Saturday, a number of forces came together to help Arizona State beat UCLA in overtime, 61-58.
Talking about the first 32 minutes would sound pretty much like I've written about for much of the season. Some guys played well, others not so well. Blah, blah, blah. I'm going to skip writing about it because analyzing it really isn't that interesting, and it's old, oft-used material.
Because what everyone wants to talk about and analyze is the last quarter of the game. Everyone has their theories on what went wrong and, of course, so do I.
Generally, when UCLA went ahead by 11 at the 8:14 mark of the second half it was looking like the game was in hand. The Bruins had just gone on a 14-3 run, they were cutting up ASU's 2-3 match-up zone, and they had the momentum.
But then that confluence of forces struck.
The result was UCLA unable to make a basket for over 12 minutes. That has to be some kind of record. I don't ever remember a UCLA team under Ben Howland going 12 minutes without making a basket.
What the heck happened?
It almost certainly wasn't any one thing, but a combination of a few different things.
First, if you watch the tape, you might notice that ASU starting matching up more out of their zone. After getting burned on a couple of open jumpers, ASU coach Herb Sendek called a timeout. The Sun Devils came out of that timeout and started extending out on UCLA's shooters.
UCLA, also, noticeably, got complacent. Against Arizona, when they were up by double digits at about the same juncture in the game on Thursday, UCLA started running the clock. Now, the Bruins didn't necessarily run down the clock against ASU at the 8-minute mark, but there was a noticeable difference in their approach to attacking the zone. Instead of crisp passes that were trying to find a defender out of position and create some shooting space, UCLA casually passed the ball around the perimeter with no urgency. Whether this was at the behest of Howland, or just a collective mental shift by the team – or both -- is hard to determine.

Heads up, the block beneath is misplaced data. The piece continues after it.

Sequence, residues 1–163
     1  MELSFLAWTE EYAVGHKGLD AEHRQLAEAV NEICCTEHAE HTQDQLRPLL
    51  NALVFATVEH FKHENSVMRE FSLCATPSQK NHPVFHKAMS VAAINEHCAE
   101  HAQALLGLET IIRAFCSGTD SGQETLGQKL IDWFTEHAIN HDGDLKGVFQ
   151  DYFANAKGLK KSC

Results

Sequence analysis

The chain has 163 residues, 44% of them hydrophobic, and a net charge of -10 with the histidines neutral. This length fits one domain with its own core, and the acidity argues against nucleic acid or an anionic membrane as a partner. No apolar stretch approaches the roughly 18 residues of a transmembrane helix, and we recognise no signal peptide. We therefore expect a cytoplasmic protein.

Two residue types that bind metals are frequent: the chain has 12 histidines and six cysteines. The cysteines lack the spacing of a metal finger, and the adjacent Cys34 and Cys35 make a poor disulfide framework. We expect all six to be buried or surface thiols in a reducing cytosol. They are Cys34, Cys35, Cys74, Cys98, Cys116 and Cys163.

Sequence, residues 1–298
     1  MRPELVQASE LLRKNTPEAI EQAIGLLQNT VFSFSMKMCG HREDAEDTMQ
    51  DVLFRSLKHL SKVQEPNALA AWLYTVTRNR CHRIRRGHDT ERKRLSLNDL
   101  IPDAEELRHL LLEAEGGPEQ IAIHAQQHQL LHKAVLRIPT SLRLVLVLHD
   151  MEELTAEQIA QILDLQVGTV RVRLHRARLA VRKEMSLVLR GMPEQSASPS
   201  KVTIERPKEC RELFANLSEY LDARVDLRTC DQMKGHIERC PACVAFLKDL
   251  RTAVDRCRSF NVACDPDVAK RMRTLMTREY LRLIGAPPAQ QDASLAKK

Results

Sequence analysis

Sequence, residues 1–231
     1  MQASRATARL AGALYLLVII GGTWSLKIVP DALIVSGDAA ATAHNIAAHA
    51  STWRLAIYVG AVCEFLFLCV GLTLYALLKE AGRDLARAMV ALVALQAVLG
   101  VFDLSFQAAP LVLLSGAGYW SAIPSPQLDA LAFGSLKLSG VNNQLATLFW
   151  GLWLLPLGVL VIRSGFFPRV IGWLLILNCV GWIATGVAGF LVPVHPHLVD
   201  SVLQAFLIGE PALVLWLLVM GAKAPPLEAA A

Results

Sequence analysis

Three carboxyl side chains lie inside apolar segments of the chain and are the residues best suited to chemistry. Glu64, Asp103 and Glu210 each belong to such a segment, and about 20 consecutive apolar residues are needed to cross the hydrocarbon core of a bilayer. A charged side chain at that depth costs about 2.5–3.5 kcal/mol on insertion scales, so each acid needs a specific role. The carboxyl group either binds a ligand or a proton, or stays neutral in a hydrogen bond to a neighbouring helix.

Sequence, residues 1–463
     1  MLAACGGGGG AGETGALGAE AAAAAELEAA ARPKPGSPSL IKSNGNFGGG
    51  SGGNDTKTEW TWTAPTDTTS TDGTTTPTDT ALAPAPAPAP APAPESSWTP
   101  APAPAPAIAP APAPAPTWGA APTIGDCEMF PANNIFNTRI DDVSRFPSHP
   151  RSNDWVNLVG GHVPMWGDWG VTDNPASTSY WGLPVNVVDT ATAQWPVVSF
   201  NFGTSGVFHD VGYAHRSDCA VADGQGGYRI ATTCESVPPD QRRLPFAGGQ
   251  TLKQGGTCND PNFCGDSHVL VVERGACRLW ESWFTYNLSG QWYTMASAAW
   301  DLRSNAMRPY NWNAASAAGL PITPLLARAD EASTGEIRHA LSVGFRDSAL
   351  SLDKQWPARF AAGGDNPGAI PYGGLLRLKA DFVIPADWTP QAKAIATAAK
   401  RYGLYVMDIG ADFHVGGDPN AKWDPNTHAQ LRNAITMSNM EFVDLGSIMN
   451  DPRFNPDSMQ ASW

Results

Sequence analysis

UCLA did something different, too, or stopped doing something. They stopped screening defenders in the zone as much. If you watch the first 32 minutes of the game, UCLA used a great deal of screens, and different kinds, to free up shooters. In the couple of possessions right before UCLA's dry spell, Mike Roll hit a two-point jumper with his toe on the three-point line and Josh Shipp hit a three. They both had space to shoot because James Keefe set nice baseline screens on both plays, and Shipp and Roll came around the screen and had space to shoot when they caught the pass. From then on out, UCLA didn't set one similar screen. They set ball screens, but not one where, away from the ball, a player screens a trailing defender to free up the shooter.
A few minutes later, Keefe came out of the game, and Nikola Dragovic went in, a substitution that seemingly makes sense because you would think you'd want another shooter in there, especially one who had already hit three three-pointers in the game. But that also changed the dynamic of the team on the floor. Dragovic, whether by instruction or his own volition, floated outside, looking for a shot. Only Alfred Aboya remained on the block or along the baseline. UCLA now didn't have that other big to set the screen to open up the shooter.
With now four offensive players mostly floating on the outside, and defenders closing out on them quickly out of the zone, a good adjustment might have been to look to get the ball into Aboya in the post more. If perimeter defenders are extending out more, it creates more room inside. If Aboya would have just had a few touches in the post, with some teammates cutting away from the ball, more seams might have been exposed for easier looks.